“But I’m nothing without this suit!”
“If you’re nothing without that suit, then you shouldn’t have it.
– Peter Parker and Tony Stark, Spider-Man: Homecoming
We can all learn a lot from Spider-Man.
Peter Parker is a great role model for photographers, and not just because he’s arguably the most famous one in fiction. I’m sure there are a lot of potential blogs wrapped up in the “With great power comes great responsibility” line alone. We can also question just how he’s able to get such perfect composition from a remote shutter and a camera that’s resting on a perilously thin strand of webbing… be more careful Peter! It’s not like Aunt May can afford to buy you new gear.
But this week I’m going to focus on the lines above, and how they sprang to mind after an impressive train of negative thoughts this morning.
I’d originally planned to write about some tips and tricks I’ve picked up from various trips to the Oklahoma City Zoo, stemming from last weekend’s trip. However, as I tried to process a few more photos I found myself getting increasingly frustrated with the images. There was too much noise in this one, the focus was a little too soft in that one, the composition didn’t look quite right in another. A negative create move grows exponentially, and this one was no exception.
Perhaps part of the problem is my increasing interest in Instagram, and finding so many wonderfully talented photographers to follow. It’s hard not to look at the work of many of the people I’ve added and not feel one or two or three thousand pangs of frustration when you compare images. That sort of comparison never ends well, since at the end of day we’re all our own artist behind the lens.
And at some point, like I’m sure it does for any photographer on a budget, my thoughts eventually turned to the Magic Gear. You know the stuff I’m talking about if you have even a little interest in photography. If you only had this lens or that body or that accessory, everything would be better. I’m sure it’s not exclusive to photography either, but it feels a little more pronounced in this hobby. With the right gear, all of our problems will go away.
I’ll admit, I’ve made a few upgrades to my gear with the thought that having a better body or a different lens might make all the difference. Sometimes it’s been to great effect, like when I picked up my Tokina 11-16mm wide angle lens. Other times, the upgrades haven’t offered noticeable improvement, like when I went from my Fuji megazoom to a Sony. It’s pretty easy to diagnose… the Tokina lens actually increased the capabilities of my camera, while the differences between the two megazooms was negligible.
Still, it’s hard to deny that stepping up from a 5.6 300mm lens to a 2.8 or a lens that could reach to 600mm would offer some noticeable improvement. Given that those upgrades are cost prohibitive, it can be easy to blame them for the issues in my photography.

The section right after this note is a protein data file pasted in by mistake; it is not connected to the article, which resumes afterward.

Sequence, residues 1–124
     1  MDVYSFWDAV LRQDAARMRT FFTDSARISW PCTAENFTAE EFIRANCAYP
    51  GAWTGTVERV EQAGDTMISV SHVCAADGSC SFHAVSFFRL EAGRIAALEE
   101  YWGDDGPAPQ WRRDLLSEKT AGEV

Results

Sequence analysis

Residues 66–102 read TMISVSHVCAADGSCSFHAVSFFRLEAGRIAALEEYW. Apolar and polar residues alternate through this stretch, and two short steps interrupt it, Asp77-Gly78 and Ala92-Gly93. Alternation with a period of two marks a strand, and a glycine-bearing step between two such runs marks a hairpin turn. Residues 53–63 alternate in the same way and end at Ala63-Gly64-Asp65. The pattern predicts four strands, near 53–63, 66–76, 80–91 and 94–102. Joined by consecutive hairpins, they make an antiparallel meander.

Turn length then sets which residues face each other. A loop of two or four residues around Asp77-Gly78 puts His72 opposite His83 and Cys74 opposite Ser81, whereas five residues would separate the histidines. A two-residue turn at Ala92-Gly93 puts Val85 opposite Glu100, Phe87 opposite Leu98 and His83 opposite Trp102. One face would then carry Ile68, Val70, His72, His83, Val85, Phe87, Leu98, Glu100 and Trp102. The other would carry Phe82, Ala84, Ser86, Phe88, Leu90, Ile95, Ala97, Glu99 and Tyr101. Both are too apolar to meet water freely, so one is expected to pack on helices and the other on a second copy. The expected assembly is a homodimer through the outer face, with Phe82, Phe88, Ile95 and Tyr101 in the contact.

“Oh, this must be the limits of my current gear,” I might tell myself. “I won’t be able to go any further until I get the upgrades.”
I’ve done that song and dance before, and it eventually becomes an excuse to put the camera away and leave it dormant for a few months.
But just like there’s more to Spider-Man than a fancy suit, there’s more to a photographer than what’s packed into the gear bag, and there are ways to grow that don’t involve dropping a few hundred dollars or more on a new piece of tech. While I wouldn’t go as far as to say that gear doesn’t matter, our ability means more.
That tiger image was taken on my Nikon D5000 with a Sigma discount lens. There are some undeniable image quality issues. Yet that picture has been one of my most successful to date, both winning an award and selling several prints. Clearly, the content of the image meant more than any technical deficiencies from “inferior” gear. And while I could probably pick apart a few of the issues, I’m still proud of the shot as a whole.
Gear isn’t the end all be all. I’ve met a few photographers at different shoots who have a full frame camera body and a three thousand dollar lens but who shoot in auto and don’t produce the greatest images. On the other hand, I’ve marveled at the work some people have produced with cell phones and simple point and shoot cameras. Even the most rudimentary equipment can’t technical skill and artistic vision.
Those are also, thankfully, skills we can improve no matter the limitations of our gear. While I think I have a decent photographic eye, I don’t think I’m as strong a technical photographer as I could be. One of the reasons for my decision to try a Photo a Day project once again is to try and improve my weaknesses in that area. I’m hopeful I’ll also get to try a few styles of photography I don’t normally work in, to further expand my skills.
Don’t get me wrong, I have plans to upgrade my gear at some point. I think a macro lens would be beneficial, and for true wildlife photography a longer telephoto will be important. But not having them isn’t the impediment those negative thoughts insist it is. And if I continue to practice and improve, when I do pick up those new lenses or a new body, I’ll be better equipped to use them.
Spidey’s suit doesn’t make him a hero, but rather the person inside. As photographers, we’re not going to run off to fight super villains(unless someone reading this is hiding something). But we can learn from Spider-Man all the same. If we’re nothing without the gear, maybe we shouldn’t buy it. But if you love getting behind the lens, the gear doesn’t matter. You’re a photographer all the same.
And hopefully that made sense… it’s been a long week and my brain is pretty well fried.
This week’s Photo a Day gallery